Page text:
It is undisputed that Appellants’ breach of implied warranty claims as to nine trucks are not barred by limitations. However, * * * Appellees contend that such implied warranties were disclaimed. The Texas Uniform Commercial Code allows sellers to disclaim both the implied warranty of merchantability as well as the implied warranty of fitness for particular purpose. [UCC] §2.316(b), [citation]. In order to disclaim an implied warranty of merchantability in a sales transaction, the disclaimer must mention the word ‘‘merchantability.’’ The disclaimer may be oral or written, but if in writing, the disclaimer must be conspicuous. [Citation]; [UCC] §2.316(b). To disclaim an implied warranty of fitness for a particular purpose, the disclaimer must be in writing and must be conspicuous. [UCC] §2.316(b); [citation]. Whether a particular disclaimer is conspicuous is a question of law to be determined by the court. [Citation.] A term or clause is conspicuous if it is written so that a reasonable person against whom it is to operate ought to have noticed it. [UCC] §1.201(10) (Vernon Supp. 2002); [citation]. Language is ‘‘conspicuous’’ if it is in larger type or other contrasting font or color. [Citation.] Conspicuousness is not required if the buyer has actual knowledge of the disclaimer. [Citation.]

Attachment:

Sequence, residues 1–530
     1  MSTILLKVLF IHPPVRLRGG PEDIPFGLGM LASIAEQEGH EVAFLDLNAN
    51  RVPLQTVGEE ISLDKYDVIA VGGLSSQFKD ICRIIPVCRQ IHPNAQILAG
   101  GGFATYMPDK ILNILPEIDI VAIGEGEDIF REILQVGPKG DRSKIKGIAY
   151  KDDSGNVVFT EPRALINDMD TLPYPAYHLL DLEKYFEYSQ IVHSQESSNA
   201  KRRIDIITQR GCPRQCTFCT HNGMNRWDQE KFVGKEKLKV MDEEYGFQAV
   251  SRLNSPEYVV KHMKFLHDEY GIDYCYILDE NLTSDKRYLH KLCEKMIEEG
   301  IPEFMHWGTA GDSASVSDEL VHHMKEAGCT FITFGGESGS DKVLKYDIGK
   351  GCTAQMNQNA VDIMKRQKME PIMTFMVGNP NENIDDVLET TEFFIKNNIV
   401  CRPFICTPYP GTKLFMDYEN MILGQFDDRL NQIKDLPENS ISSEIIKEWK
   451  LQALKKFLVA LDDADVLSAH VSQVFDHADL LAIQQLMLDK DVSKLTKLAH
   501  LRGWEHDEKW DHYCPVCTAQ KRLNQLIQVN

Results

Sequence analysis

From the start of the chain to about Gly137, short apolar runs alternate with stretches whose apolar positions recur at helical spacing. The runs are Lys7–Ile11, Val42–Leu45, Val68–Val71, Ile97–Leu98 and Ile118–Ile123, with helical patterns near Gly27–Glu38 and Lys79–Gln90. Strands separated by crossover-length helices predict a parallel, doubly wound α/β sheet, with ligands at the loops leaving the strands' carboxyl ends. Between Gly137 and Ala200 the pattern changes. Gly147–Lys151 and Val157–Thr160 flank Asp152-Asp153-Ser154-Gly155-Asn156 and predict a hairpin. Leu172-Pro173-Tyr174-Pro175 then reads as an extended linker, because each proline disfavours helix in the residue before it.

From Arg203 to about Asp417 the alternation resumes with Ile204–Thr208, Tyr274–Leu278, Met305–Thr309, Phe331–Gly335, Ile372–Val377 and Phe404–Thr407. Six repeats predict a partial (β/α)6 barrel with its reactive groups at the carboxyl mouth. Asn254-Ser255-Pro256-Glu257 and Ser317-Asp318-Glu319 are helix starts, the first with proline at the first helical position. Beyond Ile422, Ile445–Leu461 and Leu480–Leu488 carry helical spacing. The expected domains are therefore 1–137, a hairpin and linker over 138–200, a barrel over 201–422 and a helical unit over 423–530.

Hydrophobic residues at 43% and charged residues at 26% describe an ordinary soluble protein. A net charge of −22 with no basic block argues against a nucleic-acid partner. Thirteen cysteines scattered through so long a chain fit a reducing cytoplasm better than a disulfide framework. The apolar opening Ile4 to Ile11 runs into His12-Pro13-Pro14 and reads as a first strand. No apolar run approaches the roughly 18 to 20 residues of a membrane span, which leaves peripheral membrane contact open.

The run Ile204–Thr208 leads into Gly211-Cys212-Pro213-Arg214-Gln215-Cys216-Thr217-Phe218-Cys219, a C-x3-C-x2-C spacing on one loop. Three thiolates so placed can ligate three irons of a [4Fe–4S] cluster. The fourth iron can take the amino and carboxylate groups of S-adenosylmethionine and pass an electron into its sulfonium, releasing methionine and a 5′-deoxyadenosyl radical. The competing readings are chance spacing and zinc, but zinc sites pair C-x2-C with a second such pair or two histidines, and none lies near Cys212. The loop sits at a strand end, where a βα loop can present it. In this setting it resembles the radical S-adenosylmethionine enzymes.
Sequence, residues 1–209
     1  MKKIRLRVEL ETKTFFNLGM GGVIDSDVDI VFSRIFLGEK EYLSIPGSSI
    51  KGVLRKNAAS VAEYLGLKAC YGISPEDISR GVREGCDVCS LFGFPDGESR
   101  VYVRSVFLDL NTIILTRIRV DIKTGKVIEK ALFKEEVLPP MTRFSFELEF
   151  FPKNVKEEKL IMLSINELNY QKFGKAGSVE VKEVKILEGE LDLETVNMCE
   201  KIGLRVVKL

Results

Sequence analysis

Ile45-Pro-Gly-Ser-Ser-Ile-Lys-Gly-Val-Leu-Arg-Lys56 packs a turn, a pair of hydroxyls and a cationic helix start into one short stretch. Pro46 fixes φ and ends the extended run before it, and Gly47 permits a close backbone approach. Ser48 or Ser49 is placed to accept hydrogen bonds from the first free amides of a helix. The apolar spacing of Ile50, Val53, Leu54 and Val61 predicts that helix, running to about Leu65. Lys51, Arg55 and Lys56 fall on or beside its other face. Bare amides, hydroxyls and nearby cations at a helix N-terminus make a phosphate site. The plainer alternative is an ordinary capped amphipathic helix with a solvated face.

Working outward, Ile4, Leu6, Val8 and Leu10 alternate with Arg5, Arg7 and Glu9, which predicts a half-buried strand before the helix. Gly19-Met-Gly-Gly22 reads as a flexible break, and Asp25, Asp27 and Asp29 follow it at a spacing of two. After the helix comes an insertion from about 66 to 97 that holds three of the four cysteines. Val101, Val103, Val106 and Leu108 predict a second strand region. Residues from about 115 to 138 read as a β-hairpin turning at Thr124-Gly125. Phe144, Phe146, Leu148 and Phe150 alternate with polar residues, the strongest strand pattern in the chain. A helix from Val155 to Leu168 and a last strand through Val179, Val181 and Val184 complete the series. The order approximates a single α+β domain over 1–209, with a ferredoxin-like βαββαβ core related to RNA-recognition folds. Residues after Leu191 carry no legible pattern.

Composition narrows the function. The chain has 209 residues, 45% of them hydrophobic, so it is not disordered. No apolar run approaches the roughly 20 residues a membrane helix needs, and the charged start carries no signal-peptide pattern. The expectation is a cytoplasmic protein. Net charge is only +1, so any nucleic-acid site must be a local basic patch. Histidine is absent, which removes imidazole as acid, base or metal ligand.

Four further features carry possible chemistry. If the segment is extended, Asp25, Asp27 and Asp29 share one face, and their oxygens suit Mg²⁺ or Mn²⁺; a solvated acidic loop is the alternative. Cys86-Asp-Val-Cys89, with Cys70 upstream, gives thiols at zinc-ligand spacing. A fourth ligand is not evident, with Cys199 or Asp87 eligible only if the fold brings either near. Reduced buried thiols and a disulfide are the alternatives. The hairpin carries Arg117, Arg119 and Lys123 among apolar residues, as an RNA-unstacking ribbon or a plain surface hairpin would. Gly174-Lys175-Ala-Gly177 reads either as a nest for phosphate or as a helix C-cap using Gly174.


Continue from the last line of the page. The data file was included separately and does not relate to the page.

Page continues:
Appellants, [UCC] section 2.316(a), argue that Appellees are also required to prove the reasonableness of the disclaimers at issue. However, section 2.316(a) concerns the disclaimer of express warranties. In the instant case, Appellants have only pleaded that Appellees breached implied warranties. Thus, section 2.316(a) and its requirement of reasonableness are inapplicable.
Further, Appellants argue that Appellees were required to offer proof of the context of the purported disclaimers, contending that in order for a disclaimer of an implied warranty to be effective, the plaintiffs must have had an opportunity to examine it prior to consummation of the contract for sale. [Citation.] * * * In Dickenson, [citation], the court held that a disclaimer of an express warranty was ineffective where the buyer was not given the opportunity to read the warranty or warranties made until after the contract is signed. Although the instant case concerns a converse situation to Dickenson, the rationale applied by the Dickenson court is helpful. One of the underlying purposes of [UCC] section 2.316 is to protect a buyer from surprise by permitting the exclusion of implied warranties. [UCC] §2.316, comment 1. We fail to see how section [UCC] 2–316 can fulfill such a purpose unless a disclaimer is required to be communicated to the buyer before the contract of sale has been completed, unless the buyer afterward agrees to the disclaimer as a modification of the contract. [Citations.]
In support of their motion for summary judgment, Appellees offered six disclaimers, all of which were deposition exhibits. None of these six disclaimers is probative as to the issue of whether the disclaimer was communicated prior to the completion of the contract of sale. * * * Therefore, we hold that since Appellant failed to conclusively prove that they were entitled to judgment as a matter of law on the disclaimer issue, summary judgment was not appropriate on that issue. * * *
Accordingly, the trial court’s order granting summary judgment is reversed as to Appellants’ claims for breach of warranty * * * and is remanded to the trial court for further proceedings. As to all other claims of Appellants, the trial court’s order granting summary judgment is affirmed.
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Smith and Roberson Business Law
Authors: Richard A. Mann, Barry S. Roberts